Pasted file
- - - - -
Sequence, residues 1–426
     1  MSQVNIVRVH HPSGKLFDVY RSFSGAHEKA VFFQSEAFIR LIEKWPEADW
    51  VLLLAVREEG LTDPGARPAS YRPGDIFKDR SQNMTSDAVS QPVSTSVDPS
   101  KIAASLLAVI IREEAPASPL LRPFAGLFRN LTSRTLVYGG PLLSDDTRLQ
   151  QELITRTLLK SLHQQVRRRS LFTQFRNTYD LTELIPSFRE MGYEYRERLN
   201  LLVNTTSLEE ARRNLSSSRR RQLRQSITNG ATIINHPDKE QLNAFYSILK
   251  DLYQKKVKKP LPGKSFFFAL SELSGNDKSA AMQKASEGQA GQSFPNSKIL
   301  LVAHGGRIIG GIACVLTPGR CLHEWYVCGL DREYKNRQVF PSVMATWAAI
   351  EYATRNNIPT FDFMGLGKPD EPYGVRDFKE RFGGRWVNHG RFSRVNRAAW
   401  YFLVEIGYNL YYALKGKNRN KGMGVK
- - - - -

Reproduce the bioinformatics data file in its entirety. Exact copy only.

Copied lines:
Sequence, residues 1–426
     1  MSQVNIVRVH HPSGKLFDVY RSFSGAHEKA VFFQSEAFIR LIEKWPEADW
    51  VLLLAVREEG LTDPGARPAS YRPGDIFKDR SQNMTSDAVS QPVSTSVDPS
   101  KIAASLLAVI IREEAPASPL LRPFAGLFRN LTSRTLVYGG PLLSDDTRLQ
   151  QELITRTLLK SLHQQVRRRS LFTQFRNTYD LTELIPSFRE MGYEYRERLN
   201  LLVNTTSLEE ARRNLSSSRR RQLRQSITNG ATIINHPDKE QLNAFYSILK
   251  DLYQKKVKKP LPGKSFFFAL SELSGNDKSA AMQKASEGQA GQSFPNSKIL
   301  LVAHGGRIIG GIACVLTPGR CLHEWYVCGL DREYKNRQVF PSVMATWAAI
   351  EYATRNNIPT FDFMGLGKPD EPYGVRDFKE RFGGRWVNHG RFSRVNRAAW
   401  YFLVEIGYNL YYALKGKNRN KGMGVK